When I was at school I remember learning all about ‘the scramble for Africa’, a period when imperialist contenders such as the UK, France, Germany, Belgium, Portugal and Spain raced each other for ownership and control of large swathes of territory.
Today, corporate imperialism is much more fashionable, as corporations fight each other for ownership and control of lucrative markets.
The business press loves such ‘brand wars’. But as with the imperialist expeditions of the days of yore, it’s easy to forget they are simply battles for access to, and control over, commercial territory. In brand wars, ‘the customer’ is a just another asset – a revenue stream – to be fought over. Just like a piece of real estate. Brand wars have nothing to do with what marketing and brands are supposed to be about: identifying and meeting needs, serving customers etc. What the customer thinks or needs has precious little to do with it.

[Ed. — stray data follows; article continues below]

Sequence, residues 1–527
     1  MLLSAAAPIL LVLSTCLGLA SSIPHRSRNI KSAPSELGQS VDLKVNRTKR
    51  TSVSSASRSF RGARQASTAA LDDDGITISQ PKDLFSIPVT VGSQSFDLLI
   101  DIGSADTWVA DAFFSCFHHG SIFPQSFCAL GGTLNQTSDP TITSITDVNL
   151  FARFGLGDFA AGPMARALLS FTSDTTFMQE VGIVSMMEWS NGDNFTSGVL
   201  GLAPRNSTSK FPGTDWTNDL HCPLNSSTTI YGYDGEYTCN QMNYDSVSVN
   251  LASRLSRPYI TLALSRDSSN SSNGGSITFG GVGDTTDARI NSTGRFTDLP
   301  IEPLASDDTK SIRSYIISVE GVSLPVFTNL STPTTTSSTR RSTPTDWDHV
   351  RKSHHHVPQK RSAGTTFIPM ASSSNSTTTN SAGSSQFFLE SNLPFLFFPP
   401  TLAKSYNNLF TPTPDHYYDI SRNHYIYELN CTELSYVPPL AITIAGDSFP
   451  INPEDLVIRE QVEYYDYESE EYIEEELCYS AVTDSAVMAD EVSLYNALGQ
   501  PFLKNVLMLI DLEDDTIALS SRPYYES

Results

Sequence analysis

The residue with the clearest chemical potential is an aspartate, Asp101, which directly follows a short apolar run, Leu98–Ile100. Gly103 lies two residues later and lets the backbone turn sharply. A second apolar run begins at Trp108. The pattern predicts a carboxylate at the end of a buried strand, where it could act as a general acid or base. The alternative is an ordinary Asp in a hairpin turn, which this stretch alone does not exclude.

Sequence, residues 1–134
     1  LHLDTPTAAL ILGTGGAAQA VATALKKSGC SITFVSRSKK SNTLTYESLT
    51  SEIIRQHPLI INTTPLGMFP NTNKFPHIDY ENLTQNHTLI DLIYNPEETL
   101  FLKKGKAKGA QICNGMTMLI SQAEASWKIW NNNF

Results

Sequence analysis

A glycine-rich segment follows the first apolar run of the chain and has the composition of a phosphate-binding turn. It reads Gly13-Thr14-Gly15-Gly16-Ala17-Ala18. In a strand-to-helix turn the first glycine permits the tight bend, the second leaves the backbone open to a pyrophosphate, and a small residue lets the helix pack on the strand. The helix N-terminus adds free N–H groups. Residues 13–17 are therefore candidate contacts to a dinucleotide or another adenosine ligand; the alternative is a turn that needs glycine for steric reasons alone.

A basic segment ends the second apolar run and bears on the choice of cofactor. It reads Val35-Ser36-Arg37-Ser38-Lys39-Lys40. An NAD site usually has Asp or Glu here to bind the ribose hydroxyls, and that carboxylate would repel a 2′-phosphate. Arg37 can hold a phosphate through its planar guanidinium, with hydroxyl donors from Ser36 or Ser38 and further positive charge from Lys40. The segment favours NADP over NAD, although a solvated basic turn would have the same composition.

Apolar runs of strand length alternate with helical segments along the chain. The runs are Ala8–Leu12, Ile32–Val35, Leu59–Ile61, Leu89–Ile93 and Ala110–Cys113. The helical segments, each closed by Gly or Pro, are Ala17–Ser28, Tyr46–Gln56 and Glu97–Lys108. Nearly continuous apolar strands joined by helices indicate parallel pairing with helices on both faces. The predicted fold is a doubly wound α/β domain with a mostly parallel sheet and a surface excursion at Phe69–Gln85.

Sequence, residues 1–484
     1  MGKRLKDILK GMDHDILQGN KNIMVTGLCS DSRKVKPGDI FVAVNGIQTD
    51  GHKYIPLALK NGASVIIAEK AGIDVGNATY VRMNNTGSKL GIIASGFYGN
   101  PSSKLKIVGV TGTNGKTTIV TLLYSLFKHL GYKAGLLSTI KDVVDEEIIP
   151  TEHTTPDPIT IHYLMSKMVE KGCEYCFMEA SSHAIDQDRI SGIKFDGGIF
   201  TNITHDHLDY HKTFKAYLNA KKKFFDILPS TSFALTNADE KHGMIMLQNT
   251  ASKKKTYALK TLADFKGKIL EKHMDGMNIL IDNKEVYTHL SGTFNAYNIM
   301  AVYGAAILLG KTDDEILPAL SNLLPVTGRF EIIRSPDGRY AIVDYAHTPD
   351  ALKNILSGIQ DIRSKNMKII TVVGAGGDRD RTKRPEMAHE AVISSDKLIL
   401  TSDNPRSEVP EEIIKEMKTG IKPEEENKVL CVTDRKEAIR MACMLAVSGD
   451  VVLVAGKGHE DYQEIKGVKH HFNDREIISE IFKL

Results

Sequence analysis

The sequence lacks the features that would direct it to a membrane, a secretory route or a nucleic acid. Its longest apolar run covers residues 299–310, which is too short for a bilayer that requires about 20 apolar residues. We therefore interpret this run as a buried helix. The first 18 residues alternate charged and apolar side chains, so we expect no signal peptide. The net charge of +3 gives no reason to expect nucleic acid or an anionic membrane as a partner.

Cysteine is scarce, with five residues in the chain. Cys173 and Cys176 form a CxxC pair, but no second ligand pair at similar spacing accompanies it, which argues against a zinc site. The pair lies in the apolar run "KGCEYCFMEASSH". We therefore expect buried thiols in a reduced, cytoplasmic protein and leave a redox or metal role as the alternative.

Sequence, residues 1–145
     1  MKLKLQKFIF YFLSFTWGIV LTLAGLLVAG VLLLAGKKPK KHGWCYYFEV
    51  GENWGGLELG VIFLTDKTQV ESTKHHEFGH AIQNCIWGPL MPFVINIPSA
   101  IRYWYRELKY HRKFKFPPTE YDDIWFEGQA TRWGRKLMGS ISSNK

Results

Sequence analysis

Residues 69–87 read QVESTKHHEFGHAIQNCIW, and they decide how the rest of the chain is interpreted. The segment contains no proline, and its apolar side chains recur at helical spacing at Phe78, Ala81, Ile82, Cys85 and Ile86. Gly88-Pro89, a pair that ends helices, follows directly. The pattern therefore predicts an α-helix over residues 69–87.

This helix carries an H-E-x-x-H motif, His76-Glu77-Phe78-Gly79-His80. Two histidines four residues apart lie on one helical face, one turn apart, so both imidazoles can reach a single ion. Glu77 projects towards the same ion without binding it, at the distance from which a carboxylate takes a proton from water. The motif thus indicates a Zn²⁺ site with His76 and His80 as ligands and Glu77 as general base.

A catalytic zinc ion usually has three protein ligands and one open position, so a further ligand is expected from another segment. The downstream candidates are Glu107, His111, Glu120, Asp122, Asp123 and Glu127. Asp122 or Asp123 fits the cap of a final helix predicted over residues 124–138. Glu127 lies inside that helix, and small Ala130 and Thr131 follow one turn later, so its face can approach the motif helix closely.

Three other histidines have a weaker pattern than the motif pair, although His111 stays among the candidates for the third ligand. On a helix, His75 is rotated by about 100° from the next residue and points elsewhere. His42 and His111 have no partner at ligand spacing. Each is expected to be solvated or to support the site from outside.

The latest farcical spectacle of a brand war is now unfolding in the UK, with Virgin/NTL and Sky squabbling over who provides who with what programmes at what price. The real issue at stake: ‘market share’ – or who gets most in a frantic territorial carve up.
Yesterday’s imperial armies had their flags: symbols of power, a way of asserting control. Today’s corporations have their brands. Military armies planted their flag in physical territories to signal dominance and control; corporations try to plant their brand flags in markets for the same purpose. We like to think we’ve made enormous progress. But have we, really?